20. The missile of claim 2 wherein a lever is connected to the missile fuselage, which lever is connected to the missile fuselage such that the lever is able to be pressed against the tube that is able to rotate around the missile fuselage such that friction can be induced between the lever and the tube that is able to rotate around the missile fuselage.

21. The missile of claim 3 wherein an additional hydraulic actuator is connected to the missile fuselage, which additional hydraulic actuator is connected to the missile fuselage such that as hydraulic pressure is applied to the additional hydraulic actuator, the additional hydraulic actuator is able to be pressed against the tube that is able to rotate around the missile fuselage such that friction can be induced between the additional hydraulic actuator and the tube that is able to rotate around the missile fuselage.

22. The missile of claim 3 wherein a lever is connected to the missile fuselage, which lever is connected to the missile fuselage such that the lever is able to be pressed against the tube that is able to rotate around the missile fuselage such that friction can be induced between the lever and the tube that is able to rotate around the missile fuselage.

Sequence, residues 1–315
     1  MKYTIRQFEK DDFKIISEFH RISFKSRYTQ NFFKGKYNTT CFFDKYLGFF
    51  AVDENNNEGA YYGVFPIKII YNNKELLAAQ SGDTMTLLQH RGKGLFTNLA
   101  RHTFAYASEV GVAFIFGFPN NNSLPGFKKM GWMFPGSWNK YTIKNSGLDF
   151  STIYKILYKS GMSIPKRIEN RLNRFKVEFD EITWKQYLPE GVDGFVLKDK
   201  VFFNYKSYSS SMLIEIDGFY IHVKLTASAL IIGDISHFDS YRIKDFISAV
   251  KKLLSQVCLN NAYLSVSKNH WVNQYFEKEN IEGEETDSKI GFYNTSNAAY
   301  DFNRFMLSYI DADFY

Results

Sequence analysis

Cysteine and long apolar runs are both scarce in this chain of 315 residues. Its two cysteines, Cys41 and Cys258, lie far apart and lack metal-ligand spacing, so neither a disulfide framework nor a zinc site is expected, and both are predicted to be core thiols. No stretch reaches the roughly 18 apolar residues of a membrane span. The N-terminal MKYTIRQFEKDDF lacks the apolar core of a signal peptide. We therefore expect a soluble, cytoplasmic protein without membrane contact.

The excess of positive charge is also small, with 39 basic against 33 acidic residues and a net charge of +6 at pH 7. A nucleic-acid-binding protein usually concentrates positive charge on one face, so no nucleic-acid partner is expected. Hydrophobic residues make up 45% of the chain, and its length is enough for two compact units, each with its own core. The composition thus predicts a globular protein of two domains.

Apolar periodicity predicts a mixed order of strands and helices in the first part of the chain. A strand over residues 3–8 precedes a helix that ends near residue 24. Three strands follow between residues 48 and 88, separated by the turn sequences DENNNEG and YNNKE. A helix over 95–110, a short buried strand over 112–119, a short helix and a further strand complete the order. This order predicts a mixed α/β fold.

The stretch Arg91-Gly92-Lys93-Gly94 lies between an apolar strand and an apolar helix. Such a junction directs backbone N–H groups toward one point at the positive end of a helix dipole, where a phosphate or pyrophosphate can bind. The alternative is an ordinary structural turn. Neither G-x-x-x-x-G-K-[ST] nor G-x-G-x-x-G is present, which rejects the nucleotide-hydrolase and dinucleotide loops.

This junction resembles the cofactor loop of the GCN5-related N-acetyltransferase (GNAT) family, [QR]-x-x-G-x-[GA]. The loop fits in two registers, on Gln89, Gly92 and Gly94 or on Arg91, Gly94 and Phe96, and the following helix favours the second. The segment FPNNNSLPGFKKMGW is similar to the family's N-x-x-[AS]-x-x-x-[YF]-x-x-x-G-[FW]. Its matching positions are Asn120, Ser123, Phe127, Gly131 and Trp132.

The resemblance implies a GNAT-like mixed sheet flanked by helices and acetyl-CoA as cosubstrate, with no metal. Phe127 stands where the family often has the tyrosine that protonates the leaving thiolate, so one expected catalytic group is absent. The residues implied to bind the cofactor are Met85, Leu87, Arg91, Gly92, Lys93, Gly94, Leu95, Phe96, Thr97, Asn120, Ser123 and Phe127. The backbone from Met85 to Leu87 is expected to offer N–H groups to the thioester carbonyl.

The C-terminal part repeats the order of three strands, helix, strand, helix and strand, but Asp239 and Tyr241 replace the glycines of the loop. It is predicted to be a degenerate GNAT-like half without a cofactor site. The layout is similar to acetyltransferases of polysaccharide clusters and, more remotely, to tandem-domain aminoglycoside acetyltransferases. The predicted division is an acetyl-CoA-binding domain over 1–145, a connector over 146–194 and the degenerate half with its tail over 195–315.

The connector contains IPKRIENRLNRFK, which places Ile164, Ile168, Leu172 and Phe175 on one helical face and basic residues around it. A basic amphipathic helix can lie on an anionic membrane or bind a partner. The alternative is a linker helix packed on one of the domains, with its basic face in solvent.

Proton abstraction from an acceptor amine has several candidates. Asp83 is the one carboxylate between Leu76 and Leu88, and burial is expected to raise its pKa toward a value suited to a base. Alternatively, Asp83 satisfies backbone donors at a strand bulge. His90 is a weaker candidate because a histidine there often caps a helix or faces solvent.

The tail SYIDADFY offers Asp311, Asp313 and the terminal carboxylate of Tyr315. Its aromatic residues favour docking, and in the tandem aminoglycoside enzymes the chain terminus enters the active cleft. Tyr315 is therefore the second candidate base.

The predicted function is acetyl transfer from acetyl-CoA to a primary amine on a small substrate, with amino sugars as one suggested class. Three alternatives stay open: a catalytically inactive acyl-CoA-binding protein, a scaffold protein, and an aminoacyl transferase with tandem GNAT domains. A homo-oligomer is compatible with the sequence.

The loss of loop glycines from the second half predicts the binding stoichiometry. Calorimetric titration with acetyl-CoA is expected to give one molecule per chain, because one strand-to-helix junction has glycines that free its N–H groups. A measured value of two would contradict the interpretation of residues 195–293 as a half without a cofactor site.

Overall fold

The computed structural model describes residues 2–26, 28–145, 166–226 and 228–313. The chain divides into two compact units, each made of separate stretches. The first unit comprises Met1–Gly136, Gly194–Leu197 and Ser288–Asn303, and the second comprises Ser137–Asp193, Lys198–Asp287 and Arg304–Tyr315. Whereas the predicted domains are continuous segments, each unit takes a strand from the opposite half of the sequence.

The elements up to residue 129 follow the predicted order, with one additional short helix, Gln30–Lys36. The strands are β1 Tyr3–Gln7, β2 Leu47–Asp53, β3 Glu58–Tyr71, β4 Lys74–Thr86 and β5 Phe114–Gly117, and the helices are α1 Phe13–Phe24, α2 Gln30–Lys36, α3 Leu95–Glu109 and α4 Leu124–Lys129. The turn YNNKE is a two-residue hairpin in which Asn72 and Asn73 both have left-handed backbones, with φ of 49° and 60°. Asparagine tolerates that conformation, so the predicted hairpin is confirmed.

23. The missile of claim 4 wherein an additional hydraulic actuator is connected to the missile fuselage, which additional hydraulic actuator is connected to the missile fuselage such that as hydraulic pressure is applied to the additional hydraulic actuator, the additional hydraulic actuator is able to be pressed against the tube that is able to rotate around the missile fuselage such that friction can be induced between the additional hydraulic actuator and the tube that is able to rotate around the missile fuselage.

24. The missile of claim 4 wherein a lever is connected to the missile fuselage, which lever is connected to the missile fuselage such that the lever is able to be pressed against the tube that is able to rotate around the missile fuselage such that friction can be induced between the lever and the tube that is able to rotate around the missile fuselage.